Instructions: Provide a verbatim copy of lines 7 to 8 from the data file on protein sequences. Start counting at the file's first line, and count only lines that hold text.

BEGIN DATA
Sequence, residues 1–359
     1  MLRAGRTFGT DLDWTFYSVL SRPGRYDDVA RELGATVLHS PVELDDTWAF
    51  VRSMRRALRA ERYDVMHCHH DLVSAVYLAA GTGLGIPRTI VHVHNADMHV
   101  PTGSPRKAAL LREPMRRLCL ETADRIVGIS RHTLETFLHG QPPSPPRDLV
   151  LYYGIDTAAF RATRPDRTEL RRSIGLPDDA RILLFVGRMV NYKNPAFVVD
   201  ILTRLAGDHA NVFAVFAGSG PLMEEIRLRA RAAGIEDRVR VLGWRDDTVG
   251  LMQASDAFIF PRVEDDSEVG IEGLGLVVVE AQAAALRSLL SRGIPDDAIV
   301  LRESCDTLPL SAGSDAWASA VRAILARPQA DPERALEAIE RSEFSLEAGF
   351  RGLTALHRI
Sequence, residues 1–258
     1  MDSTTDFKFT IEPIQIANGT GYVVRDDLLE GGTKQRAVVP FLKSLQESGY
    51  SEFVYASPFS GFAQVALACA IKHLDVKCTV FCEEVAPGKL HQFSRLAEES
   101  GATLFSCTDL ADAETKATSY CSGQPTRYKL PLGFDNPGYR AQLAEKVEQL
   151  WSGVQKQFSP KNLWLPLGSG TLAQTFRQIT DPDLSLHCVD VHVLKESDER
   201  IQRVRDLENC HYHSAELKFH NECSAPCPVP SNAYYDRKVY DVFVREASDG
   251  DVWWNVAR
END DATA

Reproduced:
   251  LMQASDAFIF PRVEDDSEVG IEGLGLVVVE AQAAALRSLL SRGIPDDAIV
   301  LRESCDTLPL SAGSDAWASA VRAILARPQA DPERALEAIE RSEFSLEAGF